The 2 keys to playing par-4s well, according to Xander Schauffele
No one played par-4s better last year than Justin Thomas and Xander Schauffele, which is probably why the latter was asked to clarify his secret to success there.
Schauffele spoke to the media on Wednesday at the WM Phoenix Open, where his odds to win (+1600) are the fourth-best in the field. He’s played well at TPC Scottsdale’s Stadium Course, never finishing outside the top 20 in five starts and was third last year and second the year before.
But back to that par-4 scoring, which will be crucial this week (like every week). Schauffele and Thomas’ scoring average on those holes last year was 3.94, with the Tour average 4.04.
Schauffele said there’s probably multiple answers as to why he plays those holes well, but the key is to think your way around them.
“There is a dominant side you can play to. Sort of play your way up — the fairway is obviously where everyone’s eyes goes, but if you kind of frame a certain hole a certain way based on how you hit it and how you’re hitting it, you can kind of give yourself a bigger advantage on a hole to certain pin locations,” he said. “I think probably last year I started chipping a little bit better than in years past, which probably helped me. You’re allowed to be a little bit more aggressive into pins, make a little bit more birdies, and then for the most part I’d say I play to the fat part of the green a lot of times. It just suits my eye most times. If the pin is left or right, I try and work it from the center of the green to the hole and I try and execute golf shots that way.”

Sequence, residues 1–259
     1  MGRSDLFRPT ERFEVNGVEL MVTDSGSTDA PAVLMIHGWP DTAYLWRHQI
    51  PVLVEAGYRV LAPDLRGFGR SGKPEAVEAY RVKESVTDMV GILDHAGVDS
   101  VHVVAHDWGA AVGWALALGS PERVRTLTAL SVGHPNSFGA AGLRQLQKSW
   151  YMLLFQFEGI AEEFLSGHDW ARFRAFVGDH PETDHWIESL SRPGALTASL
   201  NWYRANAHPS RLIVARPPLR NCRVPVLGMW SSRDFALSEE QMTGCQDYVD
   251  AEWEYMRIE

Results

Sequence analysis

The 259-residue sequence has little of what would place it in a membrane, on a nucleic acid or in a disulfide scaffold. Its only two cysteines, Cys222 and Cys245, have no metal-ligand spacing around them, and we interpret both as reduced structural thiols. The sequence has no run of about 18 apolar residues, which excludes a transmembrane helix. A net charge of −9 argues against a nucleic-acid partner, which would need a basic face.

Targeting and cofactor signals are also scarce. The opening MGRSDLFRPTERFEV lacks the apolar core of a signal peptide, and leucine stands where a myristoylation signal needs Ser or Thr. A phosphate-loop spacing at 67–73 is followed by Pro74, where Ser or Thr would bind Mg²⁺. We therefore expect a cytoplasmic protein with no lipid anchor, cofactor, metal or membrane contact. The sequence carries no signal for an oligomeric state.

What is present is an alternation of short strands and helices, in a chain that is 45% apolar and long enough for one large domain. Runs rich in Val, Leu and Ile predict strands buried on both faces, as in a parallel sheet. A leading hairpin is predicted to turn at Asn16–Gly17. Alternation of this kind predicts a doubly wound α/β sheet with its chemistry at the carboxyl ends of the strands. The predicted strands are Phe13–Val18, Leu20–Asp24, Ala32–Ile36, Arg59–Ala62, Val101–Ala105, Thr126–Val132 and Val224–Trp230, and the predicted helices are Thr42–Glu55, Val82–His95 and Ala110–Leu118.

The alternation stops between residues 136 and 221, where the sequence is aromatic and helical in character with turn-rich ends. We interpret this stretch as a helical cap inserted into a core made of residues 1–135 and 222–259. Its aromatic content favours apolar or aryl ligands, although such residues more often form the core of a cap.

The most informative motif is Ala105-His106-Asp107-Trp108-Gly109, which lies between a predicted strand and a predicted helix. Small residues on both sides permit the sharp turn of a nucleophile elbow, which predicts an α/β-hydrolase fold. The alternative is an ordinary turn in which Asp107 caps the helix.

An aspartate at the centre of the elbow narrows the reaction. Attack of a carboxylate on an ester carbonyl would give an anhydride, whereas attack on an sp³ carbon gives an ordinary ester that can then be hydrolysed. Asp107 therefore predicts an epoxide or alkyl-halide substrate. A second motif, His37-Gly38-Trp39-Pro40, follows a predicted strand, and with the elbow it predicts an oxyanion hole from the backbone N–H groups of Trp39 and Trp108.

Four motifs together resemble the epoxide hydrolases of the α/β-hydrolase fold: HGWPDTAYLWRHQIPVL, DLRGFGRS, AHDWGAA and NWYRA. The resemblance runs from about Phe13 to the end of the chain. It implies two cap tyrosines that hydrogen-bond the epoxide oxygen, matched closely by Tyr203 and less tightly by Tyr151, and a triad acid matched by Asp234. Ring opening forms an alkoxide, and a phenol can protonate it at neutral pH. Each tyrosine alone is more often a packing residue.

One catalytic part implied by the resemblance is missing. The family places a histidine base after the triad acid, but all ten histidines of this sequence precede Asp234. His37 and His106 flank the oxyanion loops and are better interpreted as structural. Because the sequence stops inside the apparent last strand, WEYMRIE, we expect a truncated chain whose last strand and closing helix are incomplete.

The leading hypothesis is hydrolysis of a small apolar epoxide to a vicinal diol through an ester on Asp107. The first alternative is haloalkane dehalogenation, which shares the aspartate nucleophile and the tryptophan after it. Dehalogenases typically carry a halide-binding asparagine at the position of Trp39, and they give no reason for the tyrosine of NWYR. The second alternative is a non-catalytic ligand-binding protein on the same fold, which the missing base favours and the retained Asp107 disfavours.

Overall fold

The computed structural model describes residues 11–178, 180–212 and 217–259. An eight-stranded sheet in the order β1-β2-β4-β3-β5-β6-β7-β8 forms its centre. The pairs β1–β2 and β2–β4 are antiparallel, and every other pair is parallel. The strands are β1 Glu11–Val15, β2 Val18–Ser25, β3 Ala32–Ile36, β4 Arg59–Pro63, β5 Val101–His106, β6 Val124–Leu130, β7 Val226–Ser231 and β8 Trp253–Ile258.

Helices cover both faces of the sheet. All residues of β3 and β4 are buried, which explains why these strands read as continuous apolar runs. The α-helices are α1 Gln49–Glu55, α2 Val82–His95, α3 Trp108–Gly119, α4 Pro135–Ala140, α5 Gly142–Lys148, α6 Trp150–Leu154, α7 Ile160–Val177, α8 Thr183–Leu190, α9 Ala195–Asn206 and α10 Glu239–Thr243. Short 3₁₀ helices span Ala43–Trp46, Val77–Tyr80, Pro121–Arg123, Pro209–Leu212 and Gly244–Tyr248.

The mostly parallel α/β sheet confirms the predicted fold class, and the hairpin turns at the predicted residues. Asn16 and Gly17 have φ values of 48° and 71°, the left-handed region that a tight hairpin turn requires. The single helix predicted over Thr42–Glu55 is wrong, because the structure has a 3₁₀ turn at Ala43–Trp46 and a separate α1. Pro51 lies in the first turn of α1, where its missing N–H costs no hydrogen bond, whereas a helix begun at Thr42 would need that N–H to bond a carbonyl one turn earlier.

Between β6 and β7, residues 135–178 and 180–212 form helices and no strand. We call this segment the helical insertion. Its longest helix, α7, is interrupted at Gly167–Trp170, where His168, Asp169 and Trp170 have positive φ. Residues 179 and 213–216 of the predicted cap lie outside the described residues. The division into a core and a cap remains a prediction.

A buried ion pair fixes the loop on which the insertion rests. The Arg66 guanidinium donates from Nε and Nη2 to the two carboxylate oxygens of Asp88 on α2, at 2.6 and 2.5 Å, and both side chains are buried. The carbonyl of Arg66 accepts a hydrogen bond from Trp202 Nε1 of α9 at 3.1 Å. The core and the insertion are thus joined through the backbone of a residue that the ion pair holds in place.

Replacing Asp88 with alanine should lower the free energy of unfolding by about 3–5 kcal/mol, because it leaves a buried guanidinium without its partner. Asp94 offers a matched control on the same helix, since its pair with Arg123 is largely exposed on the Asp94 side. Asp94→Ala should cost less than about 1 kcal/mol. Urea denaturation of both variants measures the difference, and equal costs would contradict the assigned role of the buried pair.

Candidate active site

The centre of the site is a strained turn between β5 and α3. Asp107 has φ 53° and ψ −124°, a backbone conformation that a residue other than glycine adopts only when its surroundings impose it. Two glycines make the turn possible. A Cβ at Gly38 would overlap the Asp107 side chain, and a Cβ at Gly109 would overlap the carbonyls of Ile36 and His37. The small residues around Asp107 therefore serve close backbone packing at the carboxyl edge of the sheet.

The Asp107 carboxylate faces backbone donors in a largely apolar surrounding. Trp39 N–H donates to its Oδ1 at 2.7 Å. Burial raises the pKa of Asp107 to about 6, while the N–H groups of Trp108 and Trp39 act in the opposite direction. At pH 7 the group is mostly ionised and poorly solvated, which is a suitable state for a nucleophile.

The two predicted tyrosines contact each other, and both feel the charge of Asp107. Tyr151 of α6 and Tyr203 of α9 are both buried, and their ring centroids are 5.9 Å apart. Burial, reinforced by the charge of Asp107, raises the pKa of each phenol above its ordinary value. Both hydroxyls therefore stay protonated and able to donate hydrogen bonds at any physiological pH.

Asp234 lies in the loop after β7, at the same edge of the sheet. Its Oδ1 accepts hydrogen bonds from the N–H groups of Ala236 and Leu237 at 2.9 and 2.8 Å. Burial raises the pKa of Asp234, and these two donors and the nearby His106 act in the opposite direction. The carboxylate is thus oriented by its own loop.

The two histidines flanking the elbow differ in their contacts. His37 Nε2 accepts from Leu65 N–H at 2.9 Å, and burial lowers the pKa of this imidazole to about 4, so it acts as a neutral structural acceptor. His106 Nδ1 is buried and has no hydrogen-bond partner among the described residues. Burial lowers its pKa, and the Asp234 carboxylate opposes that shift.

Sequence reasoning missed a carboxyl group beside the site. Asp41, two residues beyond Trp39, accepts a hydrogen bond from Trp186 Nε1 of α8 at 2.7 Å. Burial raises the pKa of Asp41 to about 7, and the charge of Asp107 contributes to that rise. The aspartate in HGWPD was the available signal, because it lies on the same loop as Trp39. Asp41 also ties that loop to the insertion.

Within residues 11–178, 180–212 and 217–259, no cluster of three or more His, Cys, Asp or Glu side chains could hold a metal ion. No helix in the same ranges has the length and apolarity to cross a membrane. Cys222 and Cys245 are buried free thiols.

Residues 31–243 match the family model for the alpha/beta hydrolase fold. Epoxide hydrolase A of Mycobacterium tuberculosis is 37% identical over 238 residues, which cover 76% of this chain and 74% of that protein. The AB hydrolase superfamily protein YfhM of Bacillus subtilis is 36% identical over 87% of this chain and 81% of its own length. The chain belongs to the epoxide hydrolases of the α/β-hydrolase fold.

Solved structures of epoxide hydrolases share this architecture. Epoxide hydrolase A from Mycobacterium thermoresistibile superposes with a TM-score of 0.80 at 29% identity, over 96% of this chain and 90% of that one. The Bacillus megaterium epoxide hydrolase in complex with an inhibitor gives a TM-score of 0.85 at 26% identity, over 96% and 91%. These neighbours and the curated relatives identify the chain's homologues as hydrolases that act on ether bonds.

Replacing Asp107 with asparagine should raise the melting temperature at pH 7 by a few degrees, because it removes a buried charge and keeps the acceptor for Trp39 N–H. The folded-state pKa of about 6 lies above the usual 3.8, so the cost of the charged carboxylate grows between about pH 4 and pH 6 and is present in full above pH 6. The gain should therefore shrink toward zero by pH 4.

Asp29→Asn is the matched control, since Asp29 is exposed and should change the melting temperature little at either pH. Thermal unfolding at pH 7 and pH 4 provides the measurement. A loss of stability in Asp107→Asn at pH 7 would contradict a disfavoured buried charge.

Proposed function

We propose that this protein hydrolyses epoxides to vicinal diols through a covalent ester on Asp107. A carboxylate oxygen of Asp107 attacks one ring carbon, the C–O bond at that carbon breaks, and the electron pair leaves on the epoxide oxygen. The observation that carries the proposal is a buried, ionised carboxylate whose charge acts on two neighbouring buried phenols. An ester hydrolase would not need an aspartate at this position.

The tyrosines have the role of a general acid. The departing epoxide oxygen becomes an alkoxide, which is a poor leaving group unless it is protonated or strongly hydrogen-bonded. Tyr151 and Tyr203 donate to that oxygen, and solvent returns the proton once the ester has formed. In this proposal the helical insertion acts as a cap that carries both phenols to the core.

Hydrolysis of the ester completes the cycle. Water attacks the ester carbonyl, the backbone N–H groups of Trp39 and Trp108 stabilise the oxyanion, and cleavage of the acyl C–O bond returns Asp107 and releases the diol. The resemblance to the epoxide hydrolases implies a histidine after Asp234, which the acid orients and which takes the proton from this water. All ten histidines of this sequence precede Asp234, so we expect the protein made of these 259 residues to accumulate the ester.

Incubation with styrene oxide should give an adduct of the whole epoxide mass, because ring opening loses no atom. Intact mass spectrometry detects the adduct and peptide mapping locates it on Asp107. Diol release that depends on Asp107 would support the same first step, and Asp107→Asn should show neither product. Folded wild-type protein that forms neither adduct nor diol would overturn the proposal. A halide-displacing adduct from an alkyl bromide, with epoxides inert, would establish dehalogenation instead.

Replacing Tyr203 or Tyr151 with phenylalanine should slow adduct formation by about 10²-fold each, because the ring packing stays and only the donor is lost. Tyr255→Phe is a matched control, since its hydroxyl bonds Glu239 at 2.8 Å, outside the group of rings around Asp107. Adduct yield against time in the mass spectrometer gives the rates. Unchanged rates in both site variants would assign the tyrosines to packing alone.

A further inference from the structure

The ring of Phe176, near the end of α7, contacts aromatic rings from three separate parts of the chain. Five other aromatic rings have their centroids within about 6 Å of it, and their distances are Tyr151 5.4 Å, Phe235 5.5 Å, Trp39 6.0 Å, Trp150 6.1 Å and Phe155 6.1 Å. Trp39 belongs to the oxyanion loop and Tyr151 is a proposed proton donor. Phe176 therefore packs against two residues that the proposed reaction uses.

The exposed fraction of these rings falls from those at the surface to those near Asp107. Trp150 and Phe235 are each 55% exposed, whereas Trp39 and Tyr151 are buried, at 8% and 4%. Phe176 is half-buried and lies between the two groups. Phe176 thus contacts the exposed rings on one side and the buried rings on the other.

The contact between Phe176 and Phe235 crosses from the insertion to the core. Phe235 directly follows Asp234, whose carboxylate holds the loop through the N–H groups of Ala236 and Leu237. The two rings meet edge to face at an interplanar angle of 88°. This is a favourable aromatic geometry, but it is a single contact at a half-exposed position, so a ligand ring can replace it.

Let’s recap: Notice his thought process starts on the tee, as putting his drive in the ideal location in the fairway is crucial to attacking the green. You want to give yourself the best angle, which means more green to work with and less hazards to deal with if you miss. From there, using the middle of the green as a starting point is a good practice. And while Schauffele and other pros can work the ball into pins more easily than amateurs, simply aiming for the middle of the green and not going for pins is a good practice for all golfers.
“That gives me a lot of opportunities to make a two-putt from 40 feet on par-4s where guys may short-side themselves,” Schauffele said. “Guilty of all those things I just said, but maybe that’s the answer.”
We’ll take his word for it.